Korea Photo Booth

Korea Photo Booth10:30 am - 1:30 pm Tuesday, Sept. 12, 2017
Lion's Den
Admission: free (while supplies last)

Korea is known for its beautiful scenery; there are many historic buildings with unique architecture as well as pristine views of beautiful mountains and landscape. Celebrate the Korea Semester with the Campus Activities Board as we take your picture in front of the beautiful wonders of Korea. You do not want to miss this keepsake from the Korea Semester.


A Taste of Korea

Taste of Korea4:30 - 7 pm Tuesday, Sept. 12, 2017
Mayes Dining Hall
Admission: $8.41 plus tax
Sponsored by Fresh Ideas

Join us for a full Korean meal prepared by the Fresh Ideas chef. The menu includes bulgogi barbecue, kimchi, gyeran-ppang with siracha mayo, tteok-bokki with fresh cilantro, dakkochi chicken skewers with a sesame brown sugar glaze, Korean ground beef rolls, tempura veggies, a ramen station, rice bowls, hotteok (sweet pancakes with pear butter), waffles, and ice cream with assorted toppings.

Afterwards, join us for a showing of the Korean film My Sassy Girl at 7 p.m. in Cornell Auditorium in Plaster Hall.


K-POP Dance Workshop!

K-POP Dance Workshop 6 - 9 pm Thursday, Sept. 14, 2017*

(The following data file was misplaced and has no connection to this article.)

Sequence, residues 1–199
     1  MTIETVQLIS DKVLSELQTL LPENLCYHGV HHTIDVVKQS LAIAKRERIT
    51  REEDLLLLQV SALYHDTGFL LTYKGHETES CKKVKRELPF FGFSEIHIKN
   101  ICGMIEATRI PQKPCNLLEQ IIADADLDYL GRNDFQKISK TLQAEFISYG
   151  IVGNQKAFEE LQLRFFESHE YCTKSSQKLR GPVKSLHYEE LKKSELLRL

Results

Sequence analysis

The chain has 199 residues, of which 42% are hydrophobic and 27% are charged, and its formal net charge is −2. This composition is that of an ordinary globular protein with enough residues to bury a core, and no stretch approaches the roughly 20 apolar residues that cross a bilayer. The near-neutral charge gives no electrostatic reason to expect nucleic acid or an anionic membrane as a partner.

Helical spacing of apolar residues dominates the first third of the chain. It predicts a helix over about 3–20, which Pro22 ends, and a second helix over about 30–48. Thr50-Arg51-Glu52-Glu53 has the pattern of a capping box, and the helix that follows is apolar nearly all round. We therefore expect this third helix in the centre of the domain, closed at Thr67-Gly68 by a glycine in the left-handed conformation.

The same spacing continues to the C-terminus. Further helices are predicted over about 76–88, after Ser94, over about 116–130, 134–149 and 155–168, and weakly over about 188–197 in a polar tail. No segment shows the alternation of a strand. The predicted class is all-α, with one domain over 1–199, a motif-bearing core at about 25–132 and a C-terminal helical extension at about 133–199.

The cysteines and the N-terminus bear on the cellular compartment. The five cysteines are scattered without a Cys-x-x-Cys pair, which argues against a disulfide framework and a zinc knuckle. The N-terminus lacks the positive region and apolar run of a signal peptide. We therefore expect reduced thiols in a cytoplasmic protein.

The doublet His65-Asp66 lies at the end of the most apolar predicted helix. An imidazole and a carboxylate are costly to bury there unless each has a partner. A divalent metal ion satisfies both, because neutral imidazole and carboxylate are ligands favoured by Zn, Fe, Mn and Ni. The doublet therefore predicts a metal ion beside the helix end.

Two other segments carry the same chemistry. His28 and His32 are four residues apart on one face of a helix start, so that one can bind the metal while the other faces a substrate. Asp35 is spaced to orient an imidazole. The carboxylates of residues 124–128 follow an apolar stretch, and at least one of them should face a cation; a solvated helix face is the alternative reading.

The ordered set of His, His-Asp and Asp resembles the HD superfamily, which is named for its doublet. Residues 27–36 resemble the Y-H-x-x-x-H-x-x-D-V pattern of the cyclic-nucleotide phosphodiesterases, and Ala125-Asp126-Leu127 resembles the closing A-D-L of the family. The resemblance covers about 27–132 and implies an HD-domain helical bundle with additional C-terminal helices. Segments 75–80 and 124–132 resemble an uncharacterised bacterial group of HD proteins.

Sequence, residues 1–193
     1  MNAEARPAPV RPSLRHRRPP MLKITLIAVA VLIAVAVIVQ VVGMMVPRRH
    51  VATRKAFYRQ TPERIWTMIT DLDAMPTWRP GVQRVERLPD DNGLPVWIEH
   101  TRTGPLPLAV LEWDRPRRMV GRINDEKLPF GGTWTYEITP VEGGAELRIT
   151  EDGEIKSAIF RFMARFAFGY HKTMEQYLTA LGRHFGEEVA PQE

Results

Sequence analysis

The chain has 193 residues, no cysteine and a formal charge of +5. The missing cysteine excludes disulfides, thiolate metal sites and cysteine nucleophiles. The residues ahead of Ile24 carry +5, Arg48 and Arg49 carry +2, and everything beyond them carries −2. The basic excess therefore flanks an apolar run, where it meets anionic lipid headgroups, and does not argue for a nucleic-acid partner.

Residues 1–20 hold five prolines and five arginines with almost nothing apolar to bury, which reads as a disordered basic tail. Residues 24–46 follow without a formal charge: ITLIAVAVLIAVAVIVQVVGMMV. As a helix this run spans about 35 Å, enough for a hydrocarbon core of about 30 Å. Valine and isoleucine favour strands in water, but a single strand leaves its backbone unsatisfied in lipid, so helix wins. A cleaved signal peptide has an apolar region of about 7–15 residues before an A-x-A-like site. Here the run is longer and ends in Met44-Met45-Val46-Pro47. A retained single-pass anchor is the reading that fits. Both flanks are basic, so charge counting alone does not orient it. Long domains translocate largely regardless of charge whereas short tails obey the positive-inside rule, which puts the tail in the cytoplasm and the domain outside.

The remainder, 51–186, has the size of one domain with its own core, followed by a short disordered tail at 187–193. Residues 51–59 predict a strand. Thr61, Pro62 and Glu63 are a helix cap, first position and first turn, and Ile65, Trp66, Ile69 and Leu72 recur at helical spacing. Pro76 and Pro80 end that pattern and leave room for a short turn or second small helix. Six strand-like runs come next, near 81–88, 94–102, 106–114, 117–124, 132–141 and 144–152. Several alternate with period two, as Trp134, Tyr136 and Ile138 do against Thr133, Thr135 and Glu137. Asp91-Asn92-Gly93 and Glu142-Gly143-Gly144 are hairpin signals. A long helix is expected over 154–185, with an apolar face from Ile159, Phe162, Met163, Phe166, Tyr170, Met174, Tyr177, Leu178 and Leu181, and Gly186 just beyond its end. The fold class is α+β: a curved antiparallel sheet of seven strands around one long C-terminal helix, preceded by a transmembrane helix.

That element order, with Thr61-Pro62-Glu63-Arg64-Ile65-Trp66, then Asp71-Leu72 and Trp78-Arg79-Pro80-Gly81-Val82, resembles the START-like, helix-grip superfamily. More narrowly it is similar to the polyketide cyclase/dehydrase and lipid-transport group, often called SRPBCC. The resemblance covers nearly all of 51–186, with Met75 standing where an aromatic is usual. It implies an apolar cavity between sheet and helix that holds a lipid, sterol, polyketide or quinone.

Dance studio in Mayes Student Life Center
Admission: free

Do you like to dance? Would you like to try something new and different? Or maybe you have been wanting to try K-POP dancing for a long time, but haven’t had the opportunity to? The wildly popular K-POP (Korean-Pop) music scene is taking the world by storm with upbeat and catchy songs, awe-inspiring music videos, and unforgettable dance moves.

At the K-POP Dance Workshops, you will get everything from the basics of K-POP dancing to specific choreography, as well as a rare insight into Korean pop culture. We will teach the choruses of two songs/dances and one surprise song! The workshop is open to anyone and everyone. Don’t forget to bring comfy dancing shoes, a water bottle, and a towel!

*to be repeated on Thursday, Nov. 9, 2017

 

Taekwondo Korean Style

Grandmaster Kang Dong Won 10 and 11 am Wednesday, Sept. 20, 2017
Corley Auditorium in Webster Hall
Admission: free